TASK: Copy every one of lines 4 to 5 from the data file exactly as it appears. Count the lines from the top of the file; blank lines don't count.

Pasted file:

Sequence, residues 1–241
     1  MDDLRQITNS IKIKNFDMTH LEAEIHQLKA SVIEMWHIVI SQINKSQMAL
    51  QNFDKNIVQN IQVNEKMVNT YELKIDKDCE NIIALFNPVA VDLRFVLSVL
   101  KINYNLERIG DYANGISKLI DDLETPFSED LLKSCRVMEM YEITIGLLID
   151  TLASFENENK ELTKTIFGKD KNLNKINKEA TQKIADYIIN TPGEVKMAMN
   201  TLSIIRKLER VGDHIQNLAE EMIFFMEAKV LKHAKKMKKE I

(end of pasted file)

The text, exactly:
   101  KINYNLERIG DYANGISKLI DDLETPFSED LLKSCRVMEM YEITIGLLID
   151  TLASFENENK ELTKTIFGKD KNLNKINKEA TQKIADYIIN TPGEVKMAMN